At Cambridge Magistrates Court on 23 June 2016, Wharf Guards Limited director, Richard Kinyanjui, pleaded guilty to providing unlicensed guards between June and August 2015. The operations manager, George Kalmera also pleaded guilty to failing to supply information relating to the investigation.
In August 2015, unannounced visits were made by SIA investigators across three sites. At one site in Cambridge, a man named only then as George was questioned but failed to prove his identity or produce a valid SIA licence, and as a result he was arrested.
The Police were able to identify him as George Kabuthia Boro and found that he had no right to work in the UK and was working illegally. Consequently he was referred to the immigration services at the Home Office.
Enquiries made by the SIA investigators also found that Boro neither held an SIA licence, nor had he previously held one. This amounts to a Section 5 offence under the Private Security Industry Act (PSIA) 2001.
Following this compliance inspection, SIA investigators later attempted to conduct interviews with Kinyanjui and Kalemera, on several occasions but both failed to attend.
On another occasion, SIA investigators requested information from the Kalemera, going to his home address to issue the request, but he failed to comply. This is a Section 19 offence under the PSIA (2001).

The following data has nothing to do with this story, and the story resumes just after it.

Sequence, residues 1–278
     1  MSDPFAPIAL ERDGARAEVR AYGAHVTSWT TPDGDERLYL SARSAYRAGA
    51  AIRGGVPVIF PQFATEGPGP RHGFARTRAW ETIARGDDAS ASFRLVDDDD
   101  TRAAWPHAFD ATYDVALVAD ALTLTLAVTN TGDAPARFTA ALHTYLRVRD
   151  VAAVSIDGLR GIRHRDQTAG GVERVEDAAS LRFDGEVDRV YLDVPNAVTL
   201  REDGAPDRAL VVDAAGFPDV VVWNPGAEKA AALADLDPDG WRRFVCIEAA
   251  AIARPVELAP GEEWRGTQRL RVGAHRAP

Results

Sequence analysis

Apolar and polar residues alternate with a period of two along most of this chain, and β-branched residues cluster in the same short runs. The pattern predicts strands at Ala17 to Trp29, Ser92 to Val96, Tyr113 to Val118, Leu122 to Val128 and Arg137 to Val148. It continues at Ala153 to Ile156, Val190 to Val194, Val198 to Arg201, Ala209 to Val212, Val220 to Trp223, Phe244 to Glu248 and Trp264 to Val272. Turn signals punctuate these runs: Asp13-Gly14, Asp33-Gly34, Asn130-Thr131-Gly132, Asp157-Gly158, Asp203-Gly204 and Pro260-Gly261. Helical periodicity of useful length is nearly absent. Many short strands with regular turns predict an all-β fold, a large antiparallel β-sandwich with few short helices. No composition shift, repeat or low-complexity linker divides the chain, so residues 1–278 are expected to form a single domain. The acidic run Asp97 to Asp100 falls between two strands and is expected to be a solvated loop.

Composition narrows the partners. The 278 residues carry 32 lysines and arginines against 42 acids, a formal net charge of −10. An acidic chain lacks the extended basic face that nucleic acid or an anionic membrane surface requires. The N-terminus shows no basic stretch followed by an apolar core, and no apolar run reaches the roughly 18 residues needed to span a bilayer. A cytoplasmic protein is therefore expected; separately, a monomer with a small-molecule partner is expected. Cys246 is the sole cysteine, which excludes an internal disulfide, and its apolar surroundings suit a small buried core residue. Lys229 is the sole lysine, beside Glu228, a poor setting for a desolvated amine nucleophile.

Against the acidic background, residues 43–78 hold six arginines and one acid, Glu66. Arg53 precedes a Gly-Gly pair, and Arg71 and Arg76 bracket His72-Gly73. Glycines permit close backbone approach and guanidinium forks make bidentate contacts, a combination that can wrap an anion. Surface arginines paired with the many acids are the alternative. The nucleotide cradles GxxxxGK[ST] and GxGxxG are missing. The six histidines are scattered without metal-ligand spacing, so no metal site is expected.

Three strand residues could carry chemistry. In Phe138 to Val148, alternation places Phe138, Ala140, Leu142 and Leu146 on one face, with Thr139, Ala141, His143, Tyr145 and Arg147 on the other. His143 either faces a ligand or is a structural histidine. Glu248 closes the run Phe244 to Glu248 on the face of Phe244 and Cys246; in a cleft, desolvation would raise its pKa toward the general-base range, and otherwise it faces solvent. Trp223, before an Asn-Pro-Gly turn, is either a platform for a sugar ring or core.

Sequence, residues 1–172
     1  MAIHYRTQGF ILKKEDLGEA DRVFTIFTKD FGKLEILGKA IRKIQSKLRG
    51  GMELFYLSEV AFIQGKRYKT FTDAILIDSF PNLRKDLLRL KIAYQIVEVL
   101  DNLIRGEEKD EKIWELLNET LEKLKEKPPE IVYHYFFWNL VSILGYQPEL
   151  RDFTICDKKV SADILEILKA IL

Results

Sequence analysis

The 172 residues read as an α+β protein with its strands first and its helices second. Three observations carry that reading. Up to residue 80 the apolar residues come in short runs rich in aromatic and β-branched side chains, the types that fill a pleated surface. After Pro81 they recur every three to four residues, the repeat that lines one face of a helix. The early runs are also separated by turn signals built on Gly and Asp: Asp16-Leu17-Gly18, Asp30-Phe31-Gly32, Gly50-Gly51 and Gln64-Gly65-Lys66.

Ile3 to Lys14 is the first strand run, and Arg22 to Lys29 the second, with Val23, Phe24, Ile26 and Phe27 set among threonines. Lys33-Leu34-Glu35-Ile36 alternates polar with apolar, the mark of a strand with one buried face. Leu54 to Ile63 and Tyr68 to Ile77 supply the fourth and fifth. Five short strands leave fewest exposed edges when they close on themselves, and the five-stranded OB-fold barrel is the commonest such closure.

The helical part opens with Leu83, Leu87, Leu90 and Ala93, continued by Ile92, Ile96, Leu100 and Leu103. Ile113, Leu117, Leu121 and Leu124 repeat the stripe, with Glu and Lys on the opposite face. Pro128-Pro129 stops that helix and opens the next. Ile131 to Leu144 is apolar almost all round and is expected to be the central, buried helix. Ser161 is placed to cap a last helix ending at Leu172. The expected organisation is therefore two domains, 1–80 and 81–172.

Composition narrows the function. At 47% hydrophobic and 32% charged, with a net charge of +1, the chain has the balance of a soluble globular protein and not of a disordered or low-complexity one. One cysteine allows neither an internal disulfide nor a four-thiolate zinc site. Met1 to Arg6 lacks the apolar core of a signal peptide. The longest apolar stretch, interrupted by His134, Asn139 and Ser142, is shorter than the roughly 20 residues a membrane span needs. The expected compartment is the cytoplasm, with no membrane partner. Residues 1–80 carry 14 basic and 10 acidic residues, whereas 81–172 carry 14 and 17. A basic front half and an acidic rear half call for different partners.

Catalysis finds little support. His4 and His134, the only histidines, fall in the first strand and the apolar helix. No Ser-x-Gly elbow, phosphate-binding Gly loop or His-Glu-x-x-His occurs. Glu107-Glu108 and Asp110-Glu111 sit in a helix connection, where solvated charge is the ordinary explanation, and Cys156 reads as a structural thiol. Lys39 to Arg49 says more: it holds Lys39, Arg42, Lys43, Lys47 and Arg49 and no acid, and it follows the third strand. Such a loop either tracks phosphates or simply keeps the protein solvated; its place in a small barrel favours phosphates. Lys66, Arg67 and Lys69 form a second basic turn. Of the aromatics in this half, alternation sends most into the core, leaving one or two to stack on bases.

Wharf Guards Limited as a company, entered a guilty plea for providing unlicensed guards on 3 sites from June to August 2015. This is a Section 5 offence under the PSIA (2001).
Similarly, the director Kinyanjui plead guilty to 3 counts of providing unlicensed guards, a Section 5 offence and as a director he is liable under Section 23 of the PSIA (2001).
Kalemera plead guilty to a Section 19 offence under the PSIA (2001) for failing failed without reasonable excuse to produce any documents and information relating to the provision of security industry services by Wharf Guards Limited.
Sentencing of Wharf Guards Limited, Kinyanjui and Kalemera will take place on 8 September.
- The Security Industry Authority is the organisation responsible for regulating the private security industry in the United Kingdom, reporting to the Home Secretary under the terms of the Private Security Industry Act 2001. The SIA's main duties are: the compulsory licensing of individuals undertaking designated activities; and managing the voluntary Approved Contractor Scheme.
- The offences relating to the Private Security Industry Act (2001) that are mentioned in the above news release are as follows and the Act is available online via legislation.gov.uk:
- Section 5 - deploying unlicensed guards
- Section 16 - falsely claiming to be a registered approved contractor
- Section 23 - consent, connivance or neglect for employing unlicensed guards
For further information about the Security Industry Authority or to sign up for email updates visit www.sia.homeoffice.gov.uk. The SIA is also on Facebook (Security Industry Authority) and Twitter (SIAuk).